Advertising on Radio has a lot of advantages. Usually, it is cheaper than other media, it can be aimed at a narrow audience and can reach people within this audience wherever you go. But there are also disadvantages. The ephemeral nature, the rapid nature of the ads on a radio can make the message is not in the audience. Too many radio ads may alienate listeners.
Radio advertising is relatively cheap compared to print or television advertising, says marketing consultant Mike Brassil. Production costs are lower, you can rent a cabin sound for a couple of hours to make an announcement passable through the radio. You also have to pay less for advertising time to reach the same number of people as you would with a TV or print ad.
Advantage: the destination
The wide range of offers, radio allows you to target your message to specific groups. Some stations are after the widest possible audience, but many point to niche markets, such as adolescents, sports fans, news junkies, political conservatives, university students, educated people, or fans of any kind of music. Advertising a smaller station could cost more individual listener, but have a much greater chance of reaching a demographic target.
The consultant of advertising media Gail Jordan says that radio is the only mass medium that people use while driving, clean the house or mow the lawn. TV advertising requires people to sit in front of their TV, print ads and web require focused attention on the page or screen. But you can listen to the radio while doing other things.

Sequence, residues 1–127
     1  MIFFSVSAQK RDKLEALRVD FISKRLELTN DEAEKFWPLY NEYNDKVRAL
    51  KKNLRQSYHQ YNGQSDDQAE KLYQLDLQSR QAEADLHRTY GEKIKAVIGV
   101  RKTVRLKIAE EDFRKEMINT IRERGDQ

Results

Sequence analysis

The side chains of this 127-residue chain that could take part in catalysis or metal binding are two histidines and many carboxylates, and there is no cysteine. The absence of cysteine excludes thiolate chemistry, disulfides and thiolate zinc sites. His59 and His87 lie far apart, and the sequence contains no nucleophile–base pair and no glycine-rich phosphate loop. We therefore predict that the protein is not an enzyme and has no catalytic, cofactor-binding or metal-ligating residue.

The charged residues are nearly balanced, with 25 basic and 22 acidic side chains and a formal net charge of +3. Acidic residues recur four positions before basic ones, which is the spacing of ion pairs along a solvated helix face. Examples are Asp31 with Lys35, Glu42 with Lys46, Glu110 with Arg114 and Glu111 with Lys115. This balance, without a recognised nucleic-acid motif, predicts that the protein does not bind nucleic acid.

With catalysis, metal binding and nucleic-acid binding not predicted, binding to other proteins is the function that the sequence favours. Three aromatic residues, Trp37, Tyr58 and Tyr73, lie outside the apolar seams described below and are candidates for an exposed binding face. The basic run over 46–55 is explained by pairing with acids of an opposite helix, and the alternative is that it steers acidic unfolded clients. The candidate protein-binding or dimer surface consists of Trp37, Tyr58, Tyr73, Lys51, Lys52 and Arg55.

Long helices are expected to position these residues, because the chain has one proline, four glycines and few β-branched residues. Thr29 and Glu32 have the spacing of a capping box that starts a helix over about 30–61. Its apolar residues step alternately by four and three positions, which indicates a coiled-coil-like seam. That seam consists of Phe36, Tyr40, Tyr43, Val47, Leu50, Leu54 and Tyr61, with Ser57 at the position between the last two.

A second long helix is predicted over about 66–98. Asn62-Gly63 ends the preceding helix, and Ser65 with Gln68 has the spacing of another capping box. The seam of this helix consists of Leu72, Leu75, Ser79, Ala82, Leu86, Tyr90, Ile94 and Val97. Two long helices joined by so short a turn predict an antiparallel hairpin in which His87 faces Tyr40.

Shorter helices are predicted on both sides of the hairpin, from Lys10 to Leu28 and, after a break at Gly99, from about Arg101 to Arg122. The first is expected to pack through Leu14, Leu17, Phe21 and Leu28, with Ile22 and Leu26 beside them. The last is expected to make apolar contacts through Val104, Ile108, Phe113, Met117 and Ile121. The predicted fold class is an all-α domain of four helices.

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Disadvantage: lack of permanence
If an ad in a newspaper or magazine catches your eye, you can crop and save, or at least take a picture of it. With the advent of the DVR, including television advertising you can rewind and watch again if it attracts the viewer’s interest. But radio ads are ephemeral: you hear them, and then it is gone. If you have lost a phone number or any other details mentioned in the notice, you’ll have to wait to be advertised again.
Disadvantage: half of the advert
If your ad appears immediately after a hit song, good for you. But what if comes amid an expanded block ads – ads that direct listeners to change the station after a couple of minutes? The stations that advertise 30 or 45 minutes of nonstop music offset by long chains of trade, a barrage of messages that listeners do not listen to changing a station.
This is the other side of portability. People can listen to the radio while driving, and in doing so will not be able to act immediately to listen to advertisements. Nobody is going to stop on the highway, for example, to enter a number. Meanwhile, those who listen to the radio while working can be so focused on their tasks than ever logged.